Welcome to European Tribune. It's gone a bit quiet around here these days, but it's still going.
Retreating with friends from the various blogs to a spread somewhere in the Pacific Northwest, working collaboratively to produce food, raise families, and sustain knowledge and ideas in the face of coming doom. I expect more and more of this kind of thinking as people contemplate the future and witness the decay of information and the decline of knowledge that many of you have so well described.

At the same time it's worth considering that we've already built many of these kinds of ETopias through sites like this. I'm just a lurker here (I post as "eugene" at Daily Kos but have lurked here off and on since the place opened) but have been part of other dKos-spinoffs that were, I would argue, attempts to create this kind of self-sustaining, knowledge-preserving communities.

Moving that into the real world presents many difficulties, especially here in the neoliberal 21st century. But it's a project worth investigating.

As to Canticle, the book is fascinating on a number of levels, not the least of which was the effort of the very Catholic William Miller to reconcile his faith to the modern world. The insight of Canticle is that modern civilization rests on some rather Medieval foundations, and that when modern civilization faces terminal crisis (nuclear war, Peak Oil, climate change), it will return to those foundations through Medieval practices and ideas but also Medieval institutions.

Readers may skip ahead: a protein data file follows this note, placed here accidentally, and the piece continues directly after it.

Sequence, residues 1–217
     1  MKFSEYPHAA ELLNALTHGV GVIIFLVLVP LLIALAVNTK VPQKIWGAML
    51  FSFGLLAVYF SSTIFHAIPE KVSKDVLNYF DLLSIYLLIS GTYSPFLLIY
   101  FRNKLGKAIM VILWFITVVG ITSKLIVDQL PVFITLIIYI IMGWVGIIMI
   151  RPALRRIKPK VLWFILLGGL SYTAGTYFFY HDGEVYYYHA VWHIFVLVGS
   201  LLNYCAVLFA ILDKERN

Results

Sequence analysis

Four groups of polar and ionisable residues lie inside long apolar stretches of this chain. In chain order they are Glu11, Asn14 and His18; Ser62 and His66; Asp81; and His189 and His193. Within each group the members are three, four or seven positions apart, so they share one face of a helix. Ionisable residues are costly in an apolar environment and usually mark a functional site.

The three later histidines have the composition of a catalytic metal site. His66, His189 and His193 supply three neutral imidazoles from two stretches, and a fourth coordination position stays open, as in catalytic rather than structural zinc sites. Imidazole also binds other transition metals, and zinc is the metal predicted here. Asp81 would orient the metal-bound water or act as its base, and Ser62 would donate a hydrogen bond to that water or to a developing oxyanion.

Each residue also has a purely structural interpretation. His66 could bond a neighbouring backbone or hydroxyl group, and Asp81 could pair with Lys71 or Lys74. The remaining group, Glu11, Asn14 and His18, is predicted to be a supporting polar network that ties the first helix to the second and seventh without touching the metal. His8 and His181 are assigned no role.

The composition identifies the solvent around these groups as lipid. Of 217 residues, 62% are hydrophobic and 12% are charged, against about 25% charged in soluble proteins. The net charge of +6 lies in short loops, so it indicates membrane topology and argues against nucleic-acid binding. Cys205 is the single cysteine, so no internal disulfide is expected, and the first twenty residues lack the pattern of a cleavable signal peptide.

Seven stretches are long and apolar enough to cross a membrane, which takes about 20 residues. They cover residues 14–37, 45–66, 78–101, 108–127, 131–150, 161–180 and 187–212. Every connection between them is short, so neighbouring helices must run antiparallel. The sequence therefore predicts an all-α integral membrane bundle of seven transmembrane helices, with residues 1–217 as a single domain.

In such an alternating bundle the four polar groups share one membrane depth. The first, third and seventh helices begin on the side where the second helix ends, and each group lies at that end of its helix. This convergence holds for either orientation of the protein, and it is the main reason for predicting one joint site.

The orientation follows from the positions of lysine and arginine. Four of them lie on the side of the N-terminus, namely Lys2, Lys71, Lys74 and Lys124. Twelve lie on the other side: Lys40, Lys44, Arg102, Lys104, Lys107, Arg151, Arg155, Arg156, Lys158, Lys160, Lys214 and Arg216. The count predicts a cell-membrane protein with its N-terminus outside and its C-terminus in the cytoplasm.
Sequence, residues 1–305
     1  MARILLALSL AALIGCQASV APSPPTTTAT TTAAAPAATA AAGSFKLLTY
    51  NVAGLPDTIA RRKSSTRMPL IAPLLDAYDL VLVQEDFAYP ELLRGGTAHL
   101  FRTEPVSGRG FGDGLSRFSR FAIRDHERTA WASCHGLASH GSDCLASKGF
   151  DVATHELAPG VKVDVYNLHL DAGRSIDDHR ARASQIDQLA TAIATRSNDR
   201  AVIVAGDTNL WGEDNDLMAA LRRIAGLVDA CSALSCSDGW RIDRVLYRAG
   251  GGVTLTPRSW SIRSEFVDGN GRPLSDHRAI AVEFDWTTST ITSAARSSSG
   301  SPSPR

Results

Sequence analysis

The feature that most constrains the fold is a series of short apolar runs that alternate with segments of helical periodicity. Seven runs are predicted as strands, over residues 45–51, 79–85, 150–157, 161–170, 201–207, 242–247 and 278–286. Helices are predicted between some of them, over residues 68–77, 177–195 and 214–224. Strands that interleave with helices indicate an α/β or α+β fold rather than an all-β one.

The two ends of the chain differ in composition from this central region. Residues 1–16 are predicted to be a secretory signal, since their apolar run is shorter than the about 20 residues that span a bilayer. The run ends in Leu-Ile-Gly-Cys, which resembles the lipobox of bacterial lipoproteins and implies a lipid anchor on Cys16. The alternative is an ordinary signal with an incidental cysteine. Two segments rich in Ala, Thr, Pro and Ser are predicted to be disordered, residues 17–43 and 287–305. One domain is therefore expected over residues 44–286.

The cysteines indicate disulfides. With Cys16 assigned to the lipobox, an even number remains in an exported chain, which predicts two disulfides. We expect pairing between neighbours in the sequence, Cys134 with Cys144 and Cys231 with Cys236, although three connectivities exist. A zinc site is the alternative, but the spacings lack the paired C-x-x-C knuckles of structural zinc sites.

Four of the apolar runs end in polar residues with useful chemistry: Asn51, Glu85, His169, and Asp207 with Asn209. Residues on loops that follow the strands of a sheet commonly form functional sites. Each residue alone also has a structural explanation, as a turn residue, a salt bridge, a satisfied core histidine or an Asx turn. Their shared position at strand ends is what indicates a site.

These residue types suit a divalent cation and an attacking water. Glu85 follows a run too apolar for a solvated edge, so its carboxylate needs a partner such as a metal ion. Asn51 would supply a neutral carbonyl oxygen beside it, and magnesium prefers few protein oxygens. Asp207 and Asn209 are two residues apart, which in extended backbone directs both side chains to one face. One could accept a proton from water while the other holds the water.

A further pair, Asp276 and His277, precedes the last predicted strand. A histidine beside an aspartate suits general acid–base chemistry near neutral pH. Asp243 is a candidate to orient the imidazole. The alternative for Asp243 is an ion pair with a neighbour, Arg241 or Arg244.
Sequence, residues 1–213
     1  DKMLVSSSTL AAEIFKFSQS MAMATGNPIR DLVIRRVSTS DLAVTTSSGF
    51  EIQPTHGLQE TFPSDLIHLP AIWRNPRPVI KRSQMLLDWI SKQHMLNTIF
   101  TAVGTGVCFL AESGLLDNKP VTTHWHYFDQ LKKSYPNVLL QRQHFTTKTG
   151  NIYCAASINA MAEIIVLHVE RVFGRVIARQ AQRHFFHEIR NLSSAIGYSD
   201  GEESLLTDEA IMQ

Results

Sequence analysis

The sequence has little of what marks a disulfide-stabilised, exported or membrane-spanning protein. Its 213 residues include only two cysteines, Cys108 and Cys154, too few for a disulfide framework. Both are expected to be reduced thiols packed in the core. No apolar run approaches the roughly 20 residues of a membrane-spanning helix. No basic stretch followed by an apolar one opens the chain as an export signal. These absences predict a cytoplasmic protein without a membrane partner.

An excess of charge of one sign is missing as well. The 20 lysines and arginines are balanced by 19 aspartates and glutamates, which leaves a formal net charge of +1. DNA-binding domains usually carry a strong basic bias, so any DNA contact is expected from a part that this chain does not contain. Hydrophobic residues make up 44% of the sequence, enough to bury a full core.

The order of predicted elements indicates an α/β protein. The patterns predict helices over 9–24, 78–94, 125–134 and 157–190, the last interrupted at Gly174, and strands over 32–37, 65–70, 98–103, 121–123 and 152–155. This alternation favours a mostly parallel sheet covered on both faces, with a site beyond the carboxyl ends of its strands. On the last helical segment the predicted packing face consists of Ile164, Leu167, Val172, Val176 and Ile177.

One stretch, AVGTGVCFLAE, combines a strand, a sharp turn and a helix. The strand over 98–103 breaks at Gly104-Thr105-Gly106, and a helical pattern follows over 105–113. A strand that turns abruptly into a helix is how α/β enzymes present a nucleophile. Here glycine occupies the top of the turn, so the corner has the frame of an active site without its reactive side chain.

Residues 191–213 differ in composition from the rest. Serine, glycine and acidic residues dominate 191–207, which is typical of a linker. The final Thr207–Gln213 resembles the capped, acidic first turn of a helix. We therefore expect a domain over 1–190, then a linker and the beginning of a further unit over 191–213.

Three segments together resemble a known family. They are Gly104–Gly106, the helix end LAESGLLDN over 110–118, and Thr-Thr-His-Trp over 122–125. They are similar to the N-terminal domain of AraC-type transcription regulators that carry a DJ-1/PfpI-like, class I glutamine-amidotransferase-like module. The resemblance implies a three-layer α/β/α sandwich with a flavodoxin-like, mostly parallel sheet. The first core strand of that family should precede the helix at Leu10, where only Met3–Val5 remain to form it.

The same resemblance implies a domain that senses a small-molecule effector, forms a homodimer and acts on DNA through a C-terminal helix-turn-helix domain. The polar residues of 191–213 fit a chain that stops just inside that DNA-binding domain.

What I find so interesting about your ETopia concept, or the others I've kicked around with my own circles, is the attempt to preserve modernity not in its use of the land, its dependence on extractive capitalism, but instead in its intellectual resources, its cultural produce. It's an effort to either find ways to make our current civilization sustainable by evolving new technologies to allow us to survive in small communes (and here I think of both the European usage of "commune" as well as the American '60s usage); or to return to a pre-19th century lifestyle that forsakes most of the modern technology but refuses to return to the ideas of a more Medieval era.

My fiancee is a librarian, an archivist by specialty. The question of information preservation in the digital age is one they grapple with regularly. They haven't yet come up with answers, but it may be worth investigating their discussions.

And the world will live as one

by Montereyan (robert at calitics dot com) on Sun Sep 23rd, 2007 at 02:45:45 PM EST

Others have rated this comment as follows:


Occasional Series